The first major change in their culture comes with the discovery of silver-working. At last, they are able to face their enemy on an equal footing, and a campaign of extermination is undertaken. Naturally, the oldest and wiliest lycanthropes escape extinction, but the Kayal have established themselves at the top of the local food chain. Their leadership changes from rogues to oracles (of the dark tapestry, most often) and their innate connection to darkness becomes something spiritual, the basis of their religion. They will begin to build temple complexes on hilltops, and invoke the power of night. They remain fairly xenophobic, restricting outsiders to very limited trading villages on the borders of their territory, and jealously guarding the secrets of silverworking and the gems that they mine, which they use to trade with their neighbors.
Eventually, there will come a time when they become aware of the shadow plane. Whether it has existed previous to this is fairly academic, but what is important is that they now have an even more secure retreat than their caves and treetop hideouts. Their land becomes more open to outsiders, though they themselves remain aloof and hidden. As their society evolves, an elaborate religion based on the movements of the stars and planets evolves. I foresee a pantheon based on chinese and mayan (and when necessary, western) astrology. Leadership will be more varied at this point. Rogues and Oracles will remain common, but other casters (if we have 'invented' clerics and wizards by then) will have their place as well.
If we're all interconnected, there's no particular reason we wouldn't have similar architecture. If W Canepa's mound builders are involved, we would probably develop in a more mesoamerican direction (with or without onion domes) though there's no reason we can't have both. If the wayang are coastal seafaring sorts, there's no conflict with the fetchlings, who live deep in the interior, in the hills.
@ I'm Hiding: In my first post on the fetchlings, I had them in the tropics, and the coniferous forest was simply to say that they could adapt to different geography. I was envisioning a culture something like the Mayan culture for them when they advanced, but SE Asia's temple complexes (Ankgor Wat, Prambanan, etc) could fit the bill nicely. I think bossman is trying to keep things on the material plane for now, but we'd certainly know of each other, unless we were continents apart, since we occupy such similar niches.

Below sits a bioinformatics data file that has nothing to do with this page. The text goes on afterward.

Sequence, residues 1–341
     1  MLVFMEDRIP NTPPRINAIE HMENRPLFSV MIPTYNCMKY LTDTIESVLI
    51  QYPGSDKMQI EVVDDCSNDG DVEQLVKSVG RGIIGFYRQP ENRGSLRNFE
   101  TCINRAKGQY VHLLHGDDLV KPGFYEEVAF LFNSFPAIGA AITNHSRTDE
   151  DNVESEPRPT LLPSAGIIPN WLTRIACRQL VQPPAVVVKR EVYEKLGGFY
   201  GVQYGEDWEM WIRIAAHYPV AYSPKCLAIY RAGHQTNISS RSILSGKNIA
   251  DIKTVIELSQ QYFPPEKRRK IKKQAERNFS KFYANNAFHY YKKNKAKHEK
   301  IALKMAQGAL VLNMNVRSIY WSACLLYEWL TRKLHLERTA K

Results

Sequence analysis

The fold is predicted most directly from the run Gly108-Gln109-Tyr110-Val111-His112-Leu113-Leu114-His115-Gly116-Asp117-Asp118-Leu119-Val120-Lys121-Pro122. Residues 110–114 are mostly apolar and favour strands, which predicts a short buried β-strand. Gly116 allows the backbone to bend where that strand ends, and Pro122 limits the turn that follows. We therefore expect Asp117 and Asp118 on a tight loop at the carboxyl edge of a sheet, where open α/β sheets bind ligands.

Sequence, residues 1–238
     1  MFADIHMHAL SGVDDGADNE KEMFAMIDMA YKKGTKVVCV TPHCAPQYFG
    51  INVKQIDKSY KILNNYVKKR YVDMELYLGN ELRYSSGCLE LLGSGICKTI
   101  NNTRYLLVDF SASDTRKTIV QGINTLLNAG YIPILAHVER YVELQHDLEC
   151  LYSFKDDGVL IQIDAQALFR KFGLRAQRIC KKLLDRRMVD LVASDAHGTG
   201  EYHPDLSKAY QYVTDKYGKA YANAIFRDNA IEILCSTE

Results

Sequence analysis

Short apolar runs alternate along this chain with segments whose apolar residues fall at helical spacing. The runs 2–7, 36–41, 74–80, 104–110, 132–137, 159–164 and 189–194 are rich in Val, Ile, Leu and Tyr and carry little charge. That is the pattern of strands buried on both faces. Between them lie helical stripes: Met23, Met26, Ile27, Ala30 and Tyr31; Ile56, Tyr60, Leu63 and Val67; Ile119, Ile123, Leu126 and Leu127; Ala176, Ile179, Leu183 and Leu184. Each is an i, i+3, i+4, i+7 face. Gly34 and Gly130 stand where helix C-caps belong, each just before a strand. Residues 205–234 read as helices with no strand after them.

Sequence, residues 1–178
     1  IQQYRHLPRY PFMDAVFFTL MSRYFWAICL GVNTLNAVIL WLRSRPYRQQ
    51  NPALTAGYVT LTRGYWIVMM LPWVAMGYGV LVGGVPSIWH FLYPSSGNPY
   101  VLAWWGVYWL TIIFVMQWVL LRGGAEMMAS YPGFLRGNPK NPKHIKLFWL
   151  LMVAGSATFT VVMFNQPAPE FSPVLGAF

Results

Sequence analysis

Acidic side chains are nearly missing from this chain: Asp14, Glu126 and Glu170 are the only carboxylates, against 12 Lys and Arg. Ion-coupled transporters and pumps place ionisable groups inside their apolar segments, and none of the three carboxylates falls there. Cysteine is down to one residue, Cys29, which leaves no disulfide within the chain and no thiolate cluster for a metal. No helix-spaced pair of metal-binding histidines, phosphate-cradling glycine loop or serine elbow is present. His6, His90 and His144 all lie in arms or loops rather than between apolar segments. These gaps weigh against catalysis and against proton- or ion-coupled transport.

@ W Canepa: glad we can help :) and of course, we are ever so grateful for the ancestor warriors you are able to call on to aid us against the lycanthropes. Though you might think of them as skeletons.
@ W Canepa
If they're able to work silver into weapons, then perhaps they evolved in hiding from a tribe of lycanthropes. They eventually learned the secrets of making silver and overthrew their enemies, but their tradition of visiting neighbors during the full moon lives on.
@ W Canepa
Or, it could be a thing where the tribes meet and trade every full moon. Little do the fetchlings know that the humans think they are spirits of the moon. Little do the humans know that the fetchlings think the humans (with all their death worship) are actually the spirits of the ancestors.
Shame you said you had a soft spot for fetchlings. I was thinking of them before I decided to go halfling to show the core races some love.
They are natives of a dense jungle, a land in near perpetual twilight. Their entire society is built in the shadow of some monstrous monster, so it is dedicated to concealment. The connection to the shadow plane isn't manifest yet, though certain great heroes of the tribe can walk through the shadows. As yet, none has achieved the Plane Shift ability (as the planes are either non-existant or beyond the awareness of ordinary mortals.
The tribe would highly favor rogue hunters, stalking and striking from the shadows, and bringing down their enemies. Any other tribes nearby would probably consider them at least partly spirits, and few outsiders would ever be allowed to see their villages.
Mounted on dogs, the halflings follow the herds of mastodon across the prairie, throwing the seeds of tobacco (or other smoke-able plants) so when they return, there will be plenty. They have mastered pack tactics in bringing down the huge beasts, surrounding and harrying and striking where the creature is weakest. While a single kill may feed a tribe for a month, but they smoke and pack the meat quickly, as they do not like to be far from the herds. The tribe's first line of defense against threatening outsiders? Stampeding the mastodons.
Courage is their main virtue, and to them it is directly related to size. A human, being twice as tall as a halfling, can never be more than half as brave. They also value cunning and trickery, but a young warrior must prove himself brave first, by charging the mastodon with only a spear and bringing the spear back bloody (i.e. attacking in melee and living to talk about it).
While nomadic, they have a vibrant musical and literary culture, with tribal histories in poetry that range into thousands of lines, and a class of historians. They also erect gigantic cairns of rock and wood and bone that they call sentinels, to mark the locations of their kills. They live in great comfort and eat well, and tend to be friendly to other cultures, as long as no one messes with their herds.